@ITF_fund: Representing the colours of @ITF_fund at @MZZRS marking 25 years of Slovenian membership at the @UN
@ITF_fund: Our colleague Iztok at #AfricaDay presenting Early Warning and Response Directorate project with @ecowas_cedeao…
@ITF_fund: Thanks to @SLOinUSA and @SLOinCAN for assistance before and during our visit in #USA and #Canada!
@ITF_fund: Very glad to have the opportunity to exchange views with @BobNaultMP on mine action, especially in key countries li…
@ITF_fund: It was wonderful being back in Canada! Thank you to @CanadaFP for support so far & discussion on possibilities for…



Ms Katarina Cvikl Balić
Project Manager
T: +386 1 4796 593

Problem Statement

Iraq is one of the most heavily ERW-contaminated countries in the world following decades of wars, including the 1980–1988 war with Iran, the 1991 Gulf War, the 2003 invasion by the US led coalition, and the subsequent internal conflict that is still ongoing.

The presence of mines and unexploded ordnance (UXO) remains a major threat to the security of the civilian population; it also hinders socio-economic development, affects infrastructure projects and prevents steady and continuous overall reconstruction. The latest estimates on ERW contamination provided by the Directorate of Mine Action (DMA) remain devastating; a total of confirmed and suspected mine contamination in Iraq has been estimated at 1,604 sq. kilometers, three-quarters of which is attributed to the Basrah governorate, and around 16% (258 sq. kilometers) to the three northern governorates of Dohuk, Erbil, and Sulimaniya under the Kurdish Regional Government. Iraqi Kurdistan Mine Action Authority (IKMAA) estimates the total contamination in the Iraqi Kurdistan at 297 sq. kilometers. Additionally, 168 cluster munition-contaminated areas in nine central and southern governorates, including Baghdad, are estimated to cover a total in 236 sq. kilometers. The DMA also identified more than 1,000 sq. kilometers of battle area that may also include some cluster munition contamination. The mine/ERW contamination has been further aggravated since 2014 due to the conflict with the so-called Islamic State of Iraq and the Levant (ISIL).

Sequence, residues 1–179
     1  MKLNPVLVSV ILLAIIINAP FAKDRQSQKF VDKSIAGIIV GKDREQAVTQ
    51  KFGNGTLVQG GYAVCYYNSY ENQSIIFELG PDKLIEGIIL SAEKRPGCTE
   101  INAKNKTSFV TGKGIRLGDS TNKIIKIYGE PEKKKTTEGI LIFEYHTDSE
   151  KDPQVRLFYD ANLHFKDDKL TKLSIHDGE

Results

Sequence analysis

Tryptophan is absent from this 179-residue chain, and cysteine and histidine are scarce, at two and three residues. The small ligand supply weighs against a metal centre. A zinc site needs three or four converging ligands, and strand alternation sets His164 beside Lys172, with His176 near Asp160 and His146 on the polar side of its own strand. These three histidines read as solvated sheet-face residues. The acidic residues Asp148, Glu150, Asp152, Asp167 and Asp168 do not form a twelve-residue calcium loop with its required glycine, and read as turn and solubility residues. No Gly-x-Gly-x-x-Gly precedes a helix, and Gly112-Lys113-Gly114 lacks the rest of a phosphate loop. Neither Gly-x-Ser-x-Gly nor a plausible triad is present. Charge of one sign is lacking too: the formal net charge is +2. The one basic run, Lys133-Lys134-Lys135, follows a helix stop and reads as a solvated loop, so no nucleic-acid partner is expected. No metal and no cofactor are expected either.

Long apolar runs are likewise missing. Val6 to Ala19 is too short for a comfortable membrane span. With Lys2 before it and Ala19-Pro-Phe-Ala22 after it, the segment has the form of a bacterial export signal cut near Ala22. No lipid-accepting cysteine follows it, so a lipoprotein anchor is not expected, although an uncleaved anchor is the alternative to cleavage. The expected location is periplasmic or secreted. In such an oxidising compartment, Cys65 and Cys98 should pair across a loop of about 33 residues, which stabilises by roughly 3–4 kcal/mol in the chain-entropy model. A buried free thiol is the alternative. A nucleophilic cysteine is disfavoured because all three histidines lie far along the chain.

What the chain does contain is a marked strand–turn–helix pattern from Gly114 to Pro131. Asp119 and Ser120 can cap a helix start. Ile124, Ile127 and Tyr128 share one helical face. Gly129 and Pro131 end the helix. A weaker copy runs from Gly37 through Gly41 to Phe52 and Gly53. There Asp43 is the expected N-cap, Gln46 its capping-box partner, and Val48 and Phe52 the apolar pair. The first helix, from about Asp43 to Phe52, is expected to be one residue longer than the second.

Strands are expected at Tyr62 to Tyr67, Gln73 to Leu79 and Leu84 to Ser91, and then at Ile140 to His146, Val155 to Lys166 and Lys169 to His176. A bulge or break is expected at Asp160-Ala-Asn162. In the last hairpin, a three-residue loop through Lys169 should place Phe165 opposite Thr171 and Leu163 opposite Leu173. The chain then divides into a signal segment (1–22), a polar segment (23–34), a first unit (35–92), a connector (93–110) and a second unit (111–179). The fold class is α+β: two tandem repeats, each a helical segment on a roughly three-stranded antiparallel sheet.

By the end of 2013, 31,618 mine/ERW casualties have been confirmed, including 13,423 casualties registered in Kurdistan (10,721 killed, 2,702 injured). Given the level of contamination, it is estimated that there have been between 5,500 and 8,000 casualties from cluster munitions since 1991, including casualties that occurred during cluster munition strikes, and that around 25% of these casualties were children.

The total number of mine/ERW survivors in Iraq is estimated to be between 48,000 and 68,000. As of March 2013, 15,173 survivors have been identified; 12,471 in central and southern Iraq and 2,702 in Kurdistan.

What we do

In 2009, ITF enabled UNMAS mission to conduct evaluation of mine action programme in Iraq the results of which will serve to improve further mine/UXO clearance activities in Iraq.

Support of UNMAS activities and cooperation was institutionalized with a signed memorandum on Cooperation in September 2007.